If you live in Miami’s Little Havana, you may remember a day last summer when you awoke to an aroma decidedly different than the cumin, garlic, and sour orange scents that normally emanate from the lechón asado (roast pork) parlors in this Cuban neighborhood. It was a pork smell, alright, but mingled with the smoke of slow smoldering hickory and apple wood. It was a smell you’d associate with a smokehouse in backwoods Tennessee.
Which was no accident, because when James Bowers and Andres Barrientos decided in 2013 to open Miami Smokers Urban Smokehouse, they studied with smokehouse legend Allan Benton of Benton’s Smoky Mountain Country Hams in Madisonville, Tennessee (population 4,734). The result may be Florida’s least likely food startup—a smokehouse in a city with no smoking tradition, where the local flavor palate looks more to the Caribbean and South America than to the American South.
That an Anglo and a Latino—both former chefs—would launch a USDA-approved curing and smoking facility in Miami, specializing in bacon made from Berkshire and Duroc hogs cured with Florida cane sugar and hot peppers, speaks to the full impact of the bacon mania—and heritage meat movement—that throttled up a decade ago and shows no sign of abating.
But a trend once characterized by its excesses (remember the Bacon Explosion? Bacon Manhattans? Bacon brownies?) has quietly morphed into a DIY movement that has more and more people curing and smoking bacon at home. The good news is that the process is easy, requiring few culinary skills and little actual work. (More good news: Pork bellies—once requiring a special advance order with your local butcher—can now be found at your local Whole Foods. Or you can purchase a 5-pound American Kurobuta pork belly online from Snake River Farms.)
I asked Bowers and Barrientos to walk me through how they make bacon—a process that takes 35 days from start to finish. I also came up with a streamlined version you can cure, dry, and smoke at home in a week.
The commercial process:
The Miami Smokers start with 10-pound pork bellies from hormone- and antibiotic-free Berkshire and Duroc hogs. (They also make bacon from pork jowls.) They cure the bellies in a mixture of kosher salt, Florida cane sugar, and hot pepper flakes. (They do not use nitrates or nitrites.) They stack the rubbed pork bellies in bins (refrigerated, of course), letting weight and gravity force the seasonings into the meat. (Industrial bacon manufacturers cure pork bellies in a matter of hours using a vacuum injection method.) The curing process lasts two weeks, during which time the salt pulls out moisture and penetrates and flavors the meat. It also increases the salinity, which suppresses bacterial activity.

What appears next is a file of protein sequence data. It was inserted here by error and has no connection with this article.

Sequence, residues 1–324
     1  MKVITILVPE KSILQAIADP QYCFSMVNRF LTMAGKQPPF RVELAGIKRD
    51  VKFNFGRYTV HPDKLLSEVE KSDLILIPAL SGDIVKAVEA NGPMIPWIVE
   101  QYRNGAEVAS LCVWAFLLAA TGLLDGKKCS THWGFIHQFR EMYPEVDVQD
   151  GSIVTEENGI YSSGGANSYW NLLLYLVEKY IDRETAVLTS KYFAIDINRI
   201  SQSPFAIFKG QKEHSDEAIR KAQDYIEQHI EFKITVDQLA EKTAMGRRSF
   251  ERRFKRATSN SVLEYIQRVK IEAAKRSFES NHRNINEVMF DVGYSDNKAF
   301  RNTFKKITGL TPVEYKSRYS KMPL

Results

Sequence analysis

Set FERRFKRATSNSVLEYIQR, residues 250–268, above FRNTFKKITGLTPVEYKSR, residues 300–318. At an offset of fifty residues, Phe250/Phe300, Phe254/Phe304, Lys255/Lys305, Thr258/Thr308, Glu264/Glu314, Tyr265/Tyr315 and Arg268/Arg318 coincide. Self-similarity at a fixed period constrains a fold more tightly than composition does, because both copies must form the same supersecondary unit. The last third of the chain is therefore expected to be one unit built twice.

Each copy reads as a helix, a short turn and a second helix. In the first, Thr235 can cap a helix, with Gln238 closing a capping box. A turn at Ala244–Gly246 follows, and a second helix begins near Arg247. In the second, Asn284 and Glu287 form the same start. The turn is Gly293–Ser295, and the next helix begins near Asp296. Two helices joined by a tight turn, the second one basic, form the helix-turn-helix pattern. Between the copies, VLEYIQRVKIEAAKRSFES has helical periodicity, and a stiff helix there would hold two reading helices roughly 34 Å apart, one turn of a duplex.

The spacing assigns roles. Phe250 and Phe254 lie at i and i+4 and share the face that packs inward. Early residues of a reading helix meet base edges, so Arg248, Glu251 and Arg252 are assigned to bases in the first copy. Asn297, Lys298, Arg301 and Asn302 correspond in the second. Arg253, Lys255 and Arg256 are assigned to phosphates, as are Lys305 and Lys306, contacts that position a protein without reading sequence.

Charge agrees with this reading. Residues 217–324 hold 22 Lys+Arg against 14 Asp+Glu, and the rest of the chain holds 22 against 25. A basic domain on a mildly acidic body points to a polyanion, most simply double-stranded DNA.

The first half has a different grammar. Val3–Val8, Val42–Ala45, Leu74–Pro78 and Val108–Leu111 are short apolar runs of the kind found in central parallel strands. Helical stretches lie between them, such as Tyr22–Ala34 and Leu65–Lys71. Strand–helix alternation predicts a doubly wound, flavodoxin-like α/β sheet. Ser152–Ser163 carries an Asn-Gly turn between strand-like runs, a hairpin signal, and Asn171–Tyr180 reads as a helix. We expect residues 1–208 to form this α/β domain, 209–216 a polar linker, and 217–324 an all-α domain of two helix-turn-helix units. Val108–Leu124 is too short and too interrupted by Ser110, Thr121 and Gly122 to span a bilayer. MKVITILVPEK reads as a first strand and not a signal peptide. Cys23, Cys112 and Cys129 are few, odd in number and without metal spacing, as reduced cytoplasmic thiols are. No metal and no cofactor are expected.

The next step is drying the cured bellies on vertical hooks in a temperature- and humidity-controlled meat locker—a process that takes another two weeks. This air-drying firms the bacon and removes additional moisture. “Without it you get that soft spongy consistency you find in cheap supermarket bacon,” Bowers says. Air-drying also shrinks the meat: By the time the bellies are cured and dried, they’ll lose 30 percent of their original weight.
The last step is smoking—done in a giant plywood smoker on wheels Bowers and Barrientos designed and built themselves. They smoke the bacon for 24 hours using a mixture of hickory, apple, and maple pellets. “The hickory smoke adds strength,” Bowers explains. “The apple and maple add sweetness.” The smoker runs at 110 degrees F—about 20 degrees hotter than traditional cold smoking. “You want enough heat to start rendering the fat,” Bowers says. “This gives our bacon a texture more like lardo (Italian cured fatback) or jamón serrano (Spanish ham) than conventional bacon.” The bacon is hung in the cold room for another five days. The entire process takes five weeks.
So here’s my streamlined version—inspired by Urban Smokehouse’s bacon—but with a few twists of my own. I do use curing salt—I like the resulting color and flavor. I also prefer freshly ground black pepper to red. Master this 8-step process, and you’ll make bacon like a pro.